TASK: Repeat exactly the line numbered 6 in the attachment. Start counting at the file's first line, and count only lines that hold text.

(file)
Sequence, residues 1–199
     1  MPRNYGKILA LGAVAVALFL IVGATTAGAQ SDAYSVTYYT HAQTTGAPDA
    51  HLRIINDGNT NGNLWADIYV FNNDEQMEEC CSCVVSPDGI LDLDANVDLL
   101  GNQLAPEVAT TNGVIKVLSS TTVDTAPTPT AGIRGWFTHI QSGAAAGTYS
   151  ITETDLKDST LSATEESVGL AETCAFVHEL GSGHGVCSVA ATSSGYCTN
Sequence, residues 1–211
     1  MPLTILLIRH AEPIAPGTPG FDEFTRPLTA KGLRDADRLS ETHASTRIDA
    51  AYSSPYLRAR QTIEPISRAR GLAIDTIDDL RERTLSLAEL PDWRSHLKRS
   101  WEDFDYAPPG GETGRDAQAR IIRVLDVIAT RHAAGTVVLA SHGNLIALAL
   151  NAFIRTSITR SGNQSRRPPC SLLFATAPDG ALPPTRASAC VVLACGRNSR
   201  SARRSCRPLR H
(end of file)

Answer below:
Sequence, residues 1–211